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USDA Lawsuits: As an Overview

Fresno, CA – Wolves And Other Vicious Pets

The USDA, or United States Department of Agriculture, is one of the many bodies that regulate the growing and handling of food in the US. In doing this, they are attempting to protect the public’s health. While some farmers are approved to sell food to people with special dietary needs (notably children, senior citizens, and persons with disabilities), others are not so approved. This can mean trouble for anyone who purchases food from such stores. While there are several ways to handle such lawsuits, the easiest for a plaintiff to win is by entering into a settlement contract.

Under the USDA’s National Organic Program (NOP), the agency sets a standard of organic production standards that all farms must adhere to.

For those producers who are found to be in violation of these requirements, fines can be issued. For example, if a farmer has used pesticides or other chemicals that have not been registered for use on his or her farm, or if the pesticides have been used in excess, he or she will be punished. If the farmer sells the food to you, even if it was found to be not conventionally organic, you may be able to sue the store for negligence. Some plaintiffs’ attorneys note, however, that even if the case was ruled in their favor in federal court, the farmer’s no-fault status may prevent other USDA-approved farmers from being granted the same benefits.

Other cases have been decided on different grounds.

In a case stemming from a dispute between growers of organic alfalfa and a local dairy cooperative, the defendants were found to have exceeded their allowed amounts of alfalfa and were subsequently barred from selling the product in the area. An appeals court found the no-fault ruling to be invalidated because it applied only to circumstances where the farmer had applied for and received an NOP certification for an organic production site; there is no such requirement for no-fault cases outside of the NOP. The plaintiffs, therefore, are now required to come up with additional evidence of the harm caused by the defendants’ failure to meet the required standards.

Another aspect of USDA lawsuits involves the trapping and killing of predators such as coyotes and bobcats in a bid to control the population of these animals.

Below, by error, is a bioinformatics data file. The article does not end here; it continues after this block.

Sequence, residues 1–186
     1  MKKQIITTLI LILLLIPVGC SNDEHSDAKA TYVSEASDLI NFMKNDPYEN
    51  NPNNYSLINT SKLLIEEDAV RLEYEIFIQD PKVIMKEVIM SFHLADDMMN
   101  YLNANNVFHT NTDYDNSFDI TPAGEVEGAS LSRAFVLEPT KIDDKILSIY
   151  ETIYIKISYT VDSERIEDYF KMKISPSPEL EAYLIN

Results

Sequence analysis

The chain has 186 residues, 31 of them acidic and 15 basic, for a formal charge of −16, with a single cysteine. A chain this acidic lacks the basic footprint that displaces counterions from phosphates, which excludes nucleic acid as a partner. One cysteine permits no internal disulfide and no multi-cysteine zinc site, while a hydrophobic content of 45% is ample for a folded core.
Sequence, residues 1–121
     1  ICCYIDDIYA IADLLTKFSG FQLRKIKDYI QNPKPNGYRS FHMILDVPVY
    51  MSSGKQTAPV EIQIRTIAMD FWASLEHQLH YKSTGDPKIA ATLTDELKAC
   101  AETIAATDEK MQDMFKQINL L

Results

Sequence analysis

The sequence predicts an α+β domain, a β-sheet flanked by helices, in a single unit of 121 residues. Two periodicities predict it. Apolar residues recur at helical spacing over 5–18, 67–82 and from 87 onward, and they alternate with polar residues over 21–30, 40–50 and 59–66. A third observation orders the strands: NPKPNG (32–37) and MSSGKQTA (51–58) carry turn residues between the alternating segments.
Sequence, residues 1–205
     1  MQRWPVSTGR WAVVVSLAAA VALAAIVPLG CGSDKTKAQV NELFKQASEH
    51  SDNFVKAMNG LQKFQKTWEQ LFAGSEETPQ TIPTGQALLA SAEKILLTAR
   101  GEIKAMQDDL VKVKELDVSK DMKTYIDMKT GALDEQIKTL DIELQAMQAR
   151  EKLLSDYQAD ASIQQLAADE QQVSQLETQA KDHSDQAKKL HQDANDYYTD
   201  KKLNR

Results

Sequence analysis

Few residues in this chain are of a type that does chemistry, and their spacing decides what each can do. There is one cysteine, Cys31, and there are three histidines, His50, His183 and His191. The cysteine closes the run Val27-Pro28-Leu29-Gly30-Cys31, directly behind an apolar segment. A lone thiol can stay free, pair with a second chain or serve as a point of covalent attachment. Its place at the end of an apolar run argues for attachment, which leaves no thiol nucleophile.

Coyotes pose a risk to farmers and property by decimating the food supply as they feed on chickens and other farm animals; on the other hand, coyotes tend to be more of a nuisance, particularly when they bite children or pets. Both common cats and coyotes can be killed using either poison or traps.

As a result of the rise in frivolous claims and the growing emphasis on mandatory litigation in reference to the issues raised by such cases, many states have become stricter in recent years.

The New York Times has reported that a number of states are now holding wolf hunting contests, awarding trophies to those hunters with the most kills. The “wolf hunting championship” is a growing trend in many states, with many of the states encouraging citizens to file frivolous lawsuits in an attempt to hasten the process of wolf killing. In some instances, plaintiffs are being encouraged to file frivolous claims in order to force states to expedite the wolf killing season.

The lack of scientific research in recent years has also played a role in the rise of frivolous lawsuits, causing agencies to become less willing to consider regulating the activities of coyotes or other dangerous predators.

The result has been a situation where farmers have been left with only a few legal methods available to reduce the numbers of coyotes. This leaves the field up to individual citizens to decide how best to manage the situation. However, even when pursuing an environmentally responsible solution through the use of non-lethal traps, farmers will often have success in reducing the population of these animals through cleverly placed traps or repellents. Therefore, efforts by the government to implement wolf trapping and killing programs while simultaneously encouraging citizens to file frivolous lawsuits regarding supposed violations of the rights of hunters must be balanced with realistic efforts to save the environment.

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